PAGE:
Bloomberg Anywhere Remote Login Bloomberg Terminal Demo Request


Connecting decision makers to a dynamic network of information, people and ideas, Bloomberg quickly and accurately delivers business and financial information, news and insight around the world.


Financial Products

Enterprise Products


Customer Support

  • Americas

    +1 212 318 2000

  • Europe, Middle East, & Africa

    +44 20 7330 7500

  • Asia Pacific

    +65 6212 1000


Industry Products

Media Services

Follow Us

Justice Roberts Hears Organ, Spacey Lobbies: D.C. Scene

National Symphony Orchestra Ball
David Rubenstein, chairman of The Carlyle Group, Cameron Carpenter, organist, and John Roberts, chief justice of the Supreme Court. Photographer: Stephanie Green/Bloomberg

David Rubenstein offered up the healing power of music to “soothe” Washington’s fiscal discord.

“Before a shutdown might occur, we’d like to invite all members of Congress to come tomorrow night for a concert,” said the chairman of the Carlyle Group LP and the Kennedy Center, scene of last night’s National Symphony Orchestra Season Opening Ball. “Hopefully afterward something good would come of it.”

Organist Cameron Carpenter wore a mohawk and gothic attire as he warmed up the center’s newly installed organ, funded by Rubenstein.

One guest remarked that Cameron looked like Edward Scissorhands. He didn’t lack for dance partners after the post-performance dinner.

Chief Justice John Roberts gave a hearing to Yo-Yo Ma on Tchaikovsky’s “Variations on a Rococo Theme.” Ma dined with the ball’s chairman, Sydney McNiff Johnson, who wore a white Greek-column dress. The NSO raised $1.3 million.

Spacey Foundation

Kevin Spacey was miffed. No one had bid on a tennis date with him, part of the first gala for his Kevin Spacey Foundation, which awards scholarships and grants to budding artists worldwide.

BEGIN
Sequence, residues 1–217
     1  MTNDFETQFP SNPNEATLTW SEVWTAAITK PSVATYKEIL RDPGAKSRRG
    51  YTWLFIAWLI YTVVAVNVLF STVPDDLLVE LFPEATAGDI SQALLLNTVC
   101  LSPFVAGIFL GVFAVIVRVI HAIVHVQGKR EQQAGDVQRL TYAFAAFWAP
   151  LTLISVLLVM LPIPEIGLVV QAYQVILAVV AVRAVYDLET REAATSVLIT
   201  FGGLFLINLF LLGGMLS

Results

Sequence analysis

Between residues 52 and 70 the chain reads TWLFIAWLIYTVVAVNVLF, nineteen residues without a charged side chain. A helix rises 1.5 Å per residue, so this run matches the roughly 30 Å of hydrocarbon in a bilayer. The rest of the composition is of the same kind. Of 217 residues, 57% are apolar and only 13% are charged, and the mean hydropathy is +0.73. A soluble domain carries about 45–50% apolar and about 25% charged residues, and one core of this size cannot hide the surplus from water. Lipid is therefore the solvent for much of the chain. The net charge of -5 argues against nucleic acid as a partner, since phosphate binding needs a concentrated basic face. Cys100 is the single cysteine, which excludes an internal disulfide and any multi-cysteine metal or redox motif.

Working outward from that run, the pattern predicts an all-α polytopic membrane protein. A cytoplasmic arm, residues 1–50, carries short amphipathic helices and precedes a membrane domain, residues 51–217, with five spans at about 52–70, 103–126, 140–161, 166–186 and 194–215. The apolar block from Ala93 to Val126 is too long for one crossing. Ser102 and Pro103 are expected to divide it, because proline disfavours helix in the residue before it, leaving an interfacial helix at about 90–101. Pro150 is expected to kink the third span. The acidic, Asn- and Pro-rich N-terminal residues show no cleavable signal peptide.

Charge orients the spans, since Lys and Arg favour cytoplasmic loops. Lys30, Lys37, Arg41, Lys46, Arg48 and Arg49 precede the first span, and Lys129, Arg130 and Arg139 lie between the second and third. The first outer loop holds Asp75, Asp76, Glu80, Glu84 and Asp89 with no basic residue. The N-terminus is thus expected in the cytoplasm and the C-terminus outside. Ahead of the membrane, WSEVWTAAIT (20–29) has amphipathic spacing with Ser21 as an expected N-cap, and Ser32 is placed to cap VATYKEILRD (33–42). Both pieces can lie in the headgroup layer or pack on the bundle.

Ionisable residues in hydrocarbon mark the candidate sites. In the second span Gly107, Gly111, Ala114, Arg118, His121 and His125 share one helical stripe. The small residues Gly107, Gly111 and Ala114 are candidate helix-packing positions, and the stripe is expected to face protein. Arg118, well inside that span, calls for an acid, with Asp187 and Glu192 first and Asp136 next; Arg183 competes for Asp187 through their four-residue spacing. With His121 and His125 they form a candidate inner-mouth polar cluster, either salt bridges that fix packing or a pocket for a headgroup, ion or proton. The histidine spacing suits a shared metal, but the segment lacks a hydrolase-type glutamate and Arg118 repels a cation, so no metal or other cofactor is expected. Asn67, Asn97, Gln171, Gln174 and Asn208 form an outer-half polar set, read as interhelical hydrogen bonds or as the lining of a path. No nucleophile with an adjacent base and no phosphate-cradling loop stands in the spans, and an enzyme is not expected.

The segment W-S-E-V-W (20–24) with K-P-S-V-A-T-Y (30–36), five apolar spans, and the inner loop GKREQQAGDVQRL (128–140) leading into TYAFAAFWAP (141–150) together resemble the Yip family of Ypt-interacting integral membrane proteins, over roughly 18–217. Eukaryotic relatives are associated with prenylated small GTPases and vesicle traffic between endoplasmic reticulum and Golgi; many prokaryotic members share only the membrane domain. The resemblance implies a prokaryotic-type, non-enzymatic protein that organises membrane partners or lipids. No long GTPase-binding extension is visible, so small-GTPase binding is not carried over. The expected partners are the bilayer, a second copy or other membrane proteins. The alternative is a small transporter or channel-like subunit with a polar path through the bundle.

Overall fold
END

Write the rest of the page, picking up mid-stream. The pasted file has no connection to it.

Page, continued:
Then journalist Andrea Mitchell, wife of Alan Greenspan, served up a $10,000 contribution, part of the $150,000 raised during the Saturday night event at the Mandarin Oriental.

Spacey, 54, who plays the majority whip on the Netflix series “House of Cards,” was joined by the real thing: Representative Kevin McCarthy, the California Republican. They compared socks with pollster Frank Luntz.

The room was decorated with posters from the films of Jack Lemmon, who inspired Spacey to help young people with his motto that if you do well in life “you should send the elevator back down.” Spacey will travel the world for his Elevator Initiative, choosing and molding aspiring actors.

The posters, Spacey said, added “a twist of Lemmon” to the evening.

MacAndrews & Forbes Holdings Inc. bought a table for $10,000. “Oh, I love Ron Perelman,” Spacey told Christine Taylor, the executive vice president for corporate communications at the firm, where Perelman is chairman and chief executive officer.

Also present were Congressman Steny Hoyer, Maryland Democrat, Ron Klain, whom Spacey portrayed in the film “Recount,” Spacey’s on-camera chief of staff, actor Michael Kelly, and Chris Lemmon, the late actor’s son.

Spacey’s scholarships started this year at the Regent’s University London, where he is artistic director of the Old Vic. He’s also giving $120,000 in grants to fund creative projects in the U.K. and U.S.

As for his next film project, Spacey said he’s campaigning hard to finally work with Woody Allen. “I sent him a Netflix subscription,” he said.

(Stephanie Green is a writer and photographer for Muse, the arts and leisure section of Bloomberg News. Any opinions expressed are her own.)

Muse highlights include Patrick Cole on philanthropy, Warwick Thompson on theater.

Please upgrade your Browser

Your browser is out-of-date. Please download one of these excellent browsers:

Chrome, Firefox, Safari, Opera or Internet Explorer.